Owners made the rules so they must live by it, what good for players and coaches is also good the owners .

  16. damcmp says: Mar 20, 2014 2:00 PM

    Screw Dungy and screw Goodell…Irsay is an owner not and employee and they certainly aren’t his father… Let the Law punish him for the laws he has broken..

  17. mutantman87 says: Mar 20, 2014 2:01 PM

    Who cares what the hypocrite and proclaimed “moral compass” of the NFL has to say? This is the same guy who shopped around a felon and dog killer to EVERY team, yet has the stones to say he saw red flags with Incognito. Wants to spend more time with his family, but is plastered all over the TV and feels compelled to offer his “genius” on every topic under the sun. How or why he was on the HOF ballot is a mystery. Enough already!

    Vick went to prison and cleaned himself up. Everything he’s done in the 5 years he’s been out suggests that he’s sincere and remorseful. Incognito hasn’t quite fixed things yet, there is hope, but this guy was still doing the wrong things within the past year- bullying, putting a golf club into a woman’s genitals at a tournament- there is no evidence yet that he has changed. How is Tony Dungy a “hypocrite”? He’s also a pretty good coach, too. He made a moribund Tampa franchise into playoff team, and with the Colts, got a playoff team over the hump to win a Super Bowl.

    By the way, Incognito has lots of obvious red flags- kicked out of school at Nebraska and Oregon, dumped by the Rams and Bills. I don’t think Dungy’s the only one who regards those as “red flags.”

  18. annapterp says: Mar 20, 2014 2:02 PM

    I’m tired of everything Tony Dungy. I get that he worked for Irsay but NBC trots him out there every time there is a behavior issue in the NFL like he’s our moral compass. Give me a break please. This guy was a good to average coach and nothing more. I really don’t give a rats arse what he has to say.

  19. zeedoubleyou says: Mar 20, 2014 2:06 PM

    jtp13 says:

    “How does one discipline somebody, who pays your salery.”

    Because life isn’t all about money and just because one has more money doesn’t mean in any way, shape, or form that they have authority over someone with less of it. He obviously lacks the self-control and self-discipline himself, so it must be forced upon him by external sources. Too bad all that money cant buy him self-respect, health, or dignity.

    Angry bro? The question isn’t about money, it’s about the direct-report relationship between Goodell and the owners.

    This is analogous to Peter from Office space punishing one of his 8 (32 in this case) bosses.

  20. bornaraider60 says: Mar 20, 2014 2:10 PM

    Fine him 10 million and he has to hire a driver to go anywhere!

  21. thadamntruth says: Mar 20, 2014 2:14 PM

    The truth is punishment will not come down on Colt’s Owner until next week at the Owner’s Meeting in Orlando. Goodell has probably told all the owners to collectively come up with the right punishment and he will put his name on it.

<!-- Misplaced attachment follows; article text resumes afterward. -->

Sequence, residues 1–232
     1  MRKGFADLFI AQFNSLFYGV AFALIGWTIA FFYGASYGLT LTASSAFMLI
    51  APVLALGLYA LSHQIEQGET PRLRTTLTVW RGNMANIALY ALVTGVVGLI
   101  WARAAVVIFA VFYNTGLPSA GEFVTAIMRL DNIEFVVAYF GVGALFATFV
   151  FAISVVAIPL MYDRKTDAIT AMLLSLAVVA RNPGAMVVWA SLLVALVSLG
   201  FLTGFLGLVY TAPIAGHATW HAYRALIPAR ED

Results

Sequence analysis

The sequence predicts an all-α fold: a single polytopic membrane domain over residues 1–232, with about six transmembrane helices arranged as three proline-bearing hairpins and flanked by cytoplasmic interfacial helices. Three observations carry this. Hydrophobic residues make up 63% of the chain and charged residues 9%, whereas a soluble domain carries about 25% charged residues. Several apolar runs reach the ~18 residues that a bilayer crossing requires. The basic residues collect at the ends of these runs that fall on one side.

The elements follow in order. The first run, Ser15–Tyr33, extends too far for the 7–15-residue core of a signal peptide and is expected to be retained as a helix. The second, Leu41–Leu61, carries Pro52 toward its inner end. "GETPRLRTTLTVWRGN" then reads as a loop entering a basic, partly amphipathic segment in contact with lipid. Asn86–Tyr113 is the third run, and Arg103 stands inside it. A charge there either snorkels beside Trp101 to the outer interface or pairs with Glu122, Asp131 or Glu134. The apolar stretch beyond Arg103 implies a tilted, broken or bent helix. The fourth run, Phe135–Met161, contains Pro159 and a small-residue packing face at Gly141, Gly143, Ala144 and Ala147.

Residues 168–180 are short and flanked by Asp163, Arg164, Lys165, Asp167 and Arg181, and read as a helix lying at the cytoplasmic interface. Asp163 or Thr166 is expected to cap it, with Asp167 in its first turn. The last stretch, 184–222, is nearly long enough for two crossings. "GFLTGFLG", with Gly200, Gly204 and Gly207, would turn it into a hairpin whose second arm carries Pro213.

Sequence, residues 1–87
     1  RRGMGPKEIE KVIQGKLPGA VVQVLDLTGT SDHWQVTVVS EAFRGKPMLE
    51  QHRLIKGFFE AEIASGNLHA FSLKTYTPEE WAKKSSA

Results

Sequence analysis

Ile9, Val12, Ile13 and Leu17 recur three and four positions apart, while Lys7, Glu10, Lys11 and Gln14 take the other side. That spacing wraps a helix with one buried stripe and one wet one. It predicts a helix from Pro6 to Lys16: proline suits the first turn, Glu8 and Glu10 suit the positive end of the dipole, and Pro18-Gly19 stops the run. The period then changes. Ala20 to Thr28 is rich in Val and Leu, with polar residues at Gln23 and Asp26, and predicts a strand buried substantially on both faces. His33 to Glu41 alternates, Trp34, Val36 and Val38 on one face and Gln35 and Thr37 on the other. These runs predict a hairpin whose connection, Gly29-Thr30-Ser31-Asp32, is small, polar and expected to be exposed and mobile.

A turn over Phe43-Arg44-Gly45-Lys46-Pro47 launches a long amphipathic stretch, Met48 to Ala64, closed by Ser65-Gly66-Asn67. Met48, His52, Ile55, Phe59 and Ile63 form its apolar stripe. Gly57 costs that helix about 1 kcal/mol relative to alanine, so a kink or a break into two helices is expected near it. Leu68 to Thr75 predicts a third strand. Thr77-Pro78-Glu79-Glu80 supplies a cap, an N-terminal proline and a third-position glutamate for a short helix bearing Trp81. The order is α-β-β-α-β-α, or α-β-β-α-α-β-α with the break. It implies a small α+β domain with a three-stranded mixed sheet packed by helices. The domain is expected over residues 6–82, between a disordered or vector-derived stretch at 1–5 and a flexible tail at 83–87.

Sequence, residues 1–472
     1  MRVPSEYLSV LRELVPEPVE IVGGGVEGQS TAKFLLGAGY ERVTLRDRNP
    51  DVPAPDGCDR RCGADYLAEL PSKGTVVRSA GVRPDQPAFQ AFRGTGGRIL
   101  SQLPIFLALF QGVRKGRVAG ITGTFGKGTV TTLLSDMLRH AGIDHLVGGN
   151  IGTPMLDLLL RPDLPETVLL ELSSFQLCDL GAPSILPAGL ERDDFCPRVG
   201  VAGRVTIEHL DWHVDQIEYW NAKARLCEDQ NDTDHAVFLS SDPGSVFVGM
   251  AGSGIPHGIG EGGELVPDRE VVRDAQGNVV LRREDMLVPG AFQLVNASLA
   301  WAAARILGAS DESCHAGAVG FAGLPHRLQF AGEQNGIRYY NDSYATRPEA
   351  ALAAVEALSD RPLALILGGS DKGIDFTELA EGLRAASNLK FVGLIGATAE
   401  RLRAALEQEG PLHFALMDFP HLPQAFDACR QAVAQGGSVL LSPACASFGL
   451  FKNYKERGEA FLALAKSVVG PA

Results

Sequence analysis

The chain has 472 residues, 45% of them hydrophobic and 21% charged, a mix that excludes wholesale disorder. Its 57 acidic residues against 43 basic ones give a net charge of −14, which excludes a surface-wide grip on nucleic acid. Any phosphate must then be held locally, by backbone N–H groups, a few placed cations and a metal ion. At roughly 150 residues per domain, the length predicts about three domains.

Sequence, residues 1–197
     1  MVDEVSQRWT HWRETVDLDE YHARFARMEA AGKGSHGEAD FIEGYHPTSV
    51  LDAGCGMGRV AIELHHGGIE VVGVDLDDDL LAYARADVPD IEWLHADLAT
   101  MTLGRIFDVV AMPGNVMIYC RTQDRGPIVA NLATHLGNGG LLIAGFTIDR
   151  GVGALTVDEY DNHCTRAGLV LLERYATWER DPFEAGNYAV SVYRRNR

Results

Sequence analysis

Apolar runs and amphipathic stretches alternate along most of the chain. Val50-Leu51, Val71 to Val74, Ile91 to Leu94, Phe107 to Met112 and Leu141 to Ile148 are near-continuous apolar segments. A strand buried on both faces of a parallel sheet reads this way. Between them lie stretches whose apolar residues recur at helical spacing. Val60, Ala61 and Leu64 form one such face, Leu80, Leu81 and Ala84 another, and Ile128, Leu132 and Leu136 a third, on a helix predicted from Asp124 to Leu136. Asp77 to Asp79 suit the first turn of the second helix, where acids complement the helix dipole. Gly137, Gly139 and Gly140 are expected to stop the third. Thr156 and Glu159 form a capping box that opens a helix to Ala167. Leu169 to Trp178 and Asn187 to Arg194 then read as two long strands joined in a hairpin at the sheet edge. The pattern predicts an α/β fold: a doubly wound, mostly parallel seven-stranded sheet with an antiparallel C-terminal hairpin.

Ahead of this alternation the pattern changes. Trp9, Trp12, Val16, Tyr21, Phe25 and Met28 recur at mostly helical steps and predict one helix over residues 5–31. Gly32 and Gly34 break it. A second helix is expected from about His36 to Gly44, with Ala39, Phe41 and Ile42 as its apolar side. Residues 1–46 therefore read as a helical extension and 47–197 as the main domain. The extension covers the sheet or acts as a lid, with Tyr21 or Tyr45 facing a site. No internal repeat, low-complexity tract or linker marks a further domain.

22. craniator says: Mar 20, 2014 2:16 PM

    Alright , guys — we get it: “Irsay has a lot of money and he made a mistake. Therefore , he’s a bad guy.” Got it ; glad you straightened that out for us.

  23. ampats says: Mar 20, 2014 2:23 PM

    Instead of keeping his moral opinion to himself, once again Friar Dungy gives his opinion to the world about a man who he says was a great support to himself and his family.Nice way to support someone who was there when the Dungy family went thru a terrible personal tragedy a few years ago.

    I can’t stand Tony Dungy going back to his holier than thou days as the Colts HC. If he was on fire, I don’t think Bill Belichick would spit on him.

  24. abninf says: Mar 20, 2014 2:26 PM

    I would like to get Barack Obama and Nancy Pelosi’s take on this.

  25. orivar says: Mar 20, 2014 2:30 PM

    Irsay is an owner. What can you really do? He can pull his team out anytime though it isn’t likely.

  26. jtp13 says: Mar 20, 2014 2:31 PM

    “Angry bro? The question isn’t about money, it’s about the direct-report relationship between Goodell and the owners.

    This is analogous to Peter from Office space punishing one of his 8 (32 in this case) bosses.”

    Dude cant even control and take responsibility for himself but you expect him to do the same for others? He’s not a boss, he’s someone with a major problem who needs help.

  27. croghan1919 says: Mar 20, 2014 2:35 PM

    Irsay will have his day in court and will probably get probation and a fine just like every other first time law breaker of the same offences.
    Voluntarily checking into rehab his first day out of jail will sway the courts decision in Irsays favor. That will be the end of the legal battle.
    Irsay hasnt had much to do with the day to day ops of the team since he became the owner.